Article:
Our latest wandering took us on a short trip that was full of excitement. Our first stop was F. D. Roosevelt State Park, Georgia’s largest state park, in Pine Mountain. It was the perfect place for us to use as home base for exploring both Callaway Gardens and F.D.R.’s Little White House in Warm Springs.
After driving in the rain on the winding road through the park we arrived at the Visitor’s Center to check in just after a tornado warning had been lifted. Everything was fine in the campground and we set up camp just before another rain shower began.
“Connecting man and nature in a way that benefits both.” – Callaway Gardens Mission
With the sun shining the next morning we drove about 15 minutes from our campsite to Callaway Gardens. Located in the foothills of the Appalachian Mountains, Callaway Gardens opened in 1952. Today, there are many different gardens to explore, a lodge, golf course, swimming beach, and even a zip-line adventure.
Our tour of the gardens began with a stop at the Pioneer Log Cabin. From there we strolled along the Lady Bird Johnson Wildlife Trail with many Georgia native plants. The Flowering Dogwoods and many other wildflowers displayed their brilliant spring colors.
Next we walked on the trails to the Cecil B. Day Butterfly Center for a look at some tropical butterflies. Butterflies of all sizes, shapes and colors fed on the colorful blossoms and sailed by our heads as they flew from flower to flower.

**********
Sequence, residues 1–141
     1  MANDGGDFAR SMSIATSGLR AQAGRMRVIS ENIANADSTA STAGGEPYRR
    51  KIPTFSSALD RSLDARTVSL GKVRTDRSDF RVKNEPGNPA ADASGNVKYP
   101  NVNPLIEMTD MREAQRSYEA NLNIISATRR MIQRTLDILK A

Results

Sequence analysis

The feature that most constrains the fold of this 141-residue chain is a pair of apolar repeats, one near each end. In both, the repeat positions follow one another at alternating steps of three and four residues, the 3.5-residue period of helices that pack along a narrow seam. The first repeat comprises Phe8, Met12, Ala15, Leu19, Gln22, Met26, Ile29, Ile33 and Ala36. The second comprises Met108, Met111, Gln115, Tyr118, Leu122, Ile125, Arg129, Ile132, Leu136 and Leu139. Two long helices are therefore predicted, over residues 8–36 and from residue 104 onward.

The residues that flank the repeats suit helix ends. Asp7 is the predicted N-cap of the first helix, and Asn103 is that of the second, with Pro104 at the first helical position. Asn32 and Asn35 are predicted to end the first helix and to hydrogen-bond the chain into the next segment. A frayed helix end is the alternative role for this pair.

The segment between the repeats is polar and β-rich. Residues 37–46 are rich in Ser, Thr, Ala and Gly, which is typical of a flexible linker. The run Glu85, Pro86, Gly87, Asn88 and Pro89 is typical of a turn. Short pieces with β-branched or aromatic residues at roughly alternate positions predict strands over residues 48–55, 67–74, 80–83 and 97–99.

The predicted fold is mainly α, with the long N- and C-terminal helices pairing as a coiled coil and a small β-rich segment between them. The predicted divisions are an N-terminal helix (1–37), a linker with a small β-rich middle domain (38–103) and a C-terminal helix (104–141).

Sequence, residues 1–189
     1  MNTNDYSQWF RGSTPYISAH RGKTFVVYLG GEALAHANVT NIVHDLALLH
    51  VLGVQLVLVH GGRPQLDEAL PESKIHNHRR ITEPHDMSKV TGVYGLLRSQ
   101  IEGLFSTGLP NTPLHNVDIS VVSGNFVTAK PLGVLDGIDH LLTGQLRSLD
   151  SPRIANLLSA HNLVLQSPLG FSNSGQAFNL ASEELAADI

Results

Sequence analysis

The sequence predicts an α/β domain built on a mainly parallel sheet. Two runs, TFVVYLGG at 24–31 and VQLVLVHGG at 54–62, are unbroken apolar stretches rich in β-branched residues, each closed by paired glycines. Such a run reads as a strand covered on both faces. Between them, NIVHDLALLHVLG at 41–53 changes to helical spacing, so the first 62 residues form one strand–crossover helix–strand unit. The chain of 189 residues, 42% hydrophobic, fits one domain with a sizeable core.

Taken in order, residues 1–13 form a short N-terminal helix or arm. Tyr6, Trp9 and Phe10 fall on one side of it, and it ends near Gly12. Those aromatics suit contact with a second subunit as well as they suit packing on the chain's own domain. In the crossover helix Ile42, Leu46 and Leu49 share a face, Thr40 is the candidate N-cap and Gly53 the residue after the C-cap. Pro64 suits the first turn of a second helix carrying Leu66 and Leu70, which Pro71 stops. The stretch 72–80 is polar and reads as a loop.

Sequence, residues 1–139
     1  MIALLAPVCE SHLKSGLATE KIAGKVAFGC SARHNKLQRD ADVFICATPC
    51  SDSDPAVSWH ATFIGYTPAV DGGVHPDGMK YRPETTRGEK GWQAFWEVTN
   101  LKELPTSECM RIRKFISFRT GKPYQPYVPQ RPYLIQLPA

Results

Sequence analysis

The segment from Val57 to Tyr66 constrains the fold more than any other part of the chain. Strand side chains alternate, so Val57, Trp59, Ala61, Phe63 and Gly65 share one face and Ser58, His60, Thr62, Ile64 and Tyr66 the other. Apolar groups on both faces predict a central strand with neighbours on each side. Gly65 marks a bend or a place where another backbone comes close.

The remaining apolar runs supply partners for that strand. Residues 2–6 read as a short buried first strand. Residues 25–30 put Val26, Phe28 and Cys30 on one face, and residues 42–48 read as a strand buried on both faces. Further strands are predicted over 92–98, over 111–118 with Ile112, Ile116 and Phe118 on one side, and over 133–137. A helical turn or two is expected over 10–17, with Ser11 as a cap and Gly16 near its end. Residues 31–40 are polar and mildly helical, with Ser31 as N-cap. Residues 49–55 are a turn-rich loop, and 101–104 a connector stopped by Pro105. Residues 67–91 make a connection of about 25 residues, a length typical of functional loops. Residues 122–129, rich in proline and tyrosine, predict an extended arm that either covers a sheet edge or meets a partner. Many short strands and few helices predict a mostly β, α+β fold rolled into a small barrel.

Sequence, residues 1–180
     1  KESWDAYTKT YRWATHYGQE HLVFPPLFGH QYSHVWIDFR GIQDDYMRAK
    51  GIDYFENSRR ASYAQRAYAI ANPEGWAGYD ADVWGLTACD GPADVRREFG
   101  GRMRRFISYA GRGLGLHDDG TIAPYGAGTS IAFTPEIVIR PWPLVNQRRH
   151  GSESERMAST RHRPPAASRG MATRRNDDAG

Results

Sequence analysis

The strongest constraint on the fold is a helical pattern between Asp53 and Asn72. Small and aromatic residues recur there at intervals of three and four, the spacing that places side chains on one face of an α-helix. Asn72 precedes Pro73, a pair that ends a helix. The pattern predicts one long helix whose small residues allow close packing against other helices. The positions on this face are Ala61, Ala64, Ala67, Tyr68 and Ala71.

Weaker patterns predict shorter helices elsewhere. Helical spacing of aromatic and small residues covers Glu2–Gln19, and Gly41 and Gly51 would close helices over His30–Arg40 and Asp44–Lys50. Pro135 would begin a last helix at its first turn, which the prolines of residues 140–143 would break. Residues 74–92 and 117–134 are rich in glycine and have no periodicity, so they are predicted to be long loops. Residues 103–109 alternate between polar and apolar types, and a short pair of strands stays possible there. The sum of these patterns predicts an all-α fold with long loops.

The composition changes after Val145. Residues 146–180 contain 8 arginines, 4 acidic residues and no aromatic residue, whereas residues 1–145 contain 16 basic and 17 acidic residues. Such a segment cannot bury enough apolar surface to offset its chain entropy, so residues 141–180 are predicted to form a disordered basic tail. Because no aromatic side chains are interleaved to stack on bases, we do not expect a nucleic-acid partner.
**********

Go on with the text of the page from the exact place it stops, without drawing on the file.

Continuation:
We learned about some of Georgia’s birds of prey at the Discovery Center. As our guide gave a very informative presentation, two different species of owl and a red tailed hawk flew over our heads during the program.
We must have just missed the Azaleas at their peak because most of the Azaleas on the Overlook Azalea trail had finished blooming. The Flowering Dogwoods and other trees added color to the landscape.
Our visit to Callaway Gardens included only a few of the many gardens there. It is a wonderful family destination and bicycles are a popular way to get around the park. There are several restaurants to choose from or you can have a picnic in one of the picnic areas.
I’ve been so busy lately with Thanksgiving, cleaning up after Hurricane Matthew, and getting ready for Christmas I haven’t had much time to look at my butterfly garden.
With all our Christmas packages and cards in the mail, I could finally catch my breath this morning so I went out to our porch to enjoy my second cup of tea. As soon as I sat down I saw a Monarch butterfly flitting around our milkweed. I abandoned my tea, grabbed my camera and rushed downstairs to get a picture. The butterfly took off but when I began to examine the milkweed I was excited to find several caterpillars munching away on the leaves.
Last summer as I was browsing through some blogs I stumbled upon a post on Winged Beauty Butterflies that mentioned Butterflies and Blooms in the Briar Patch, a butterfly habitat in Eatonton, Georgia. The next time we were visiting near there I stopped by the habitat and fell in love with it. I posted about my first visit to the habitat at Wandering in the Briar Patch.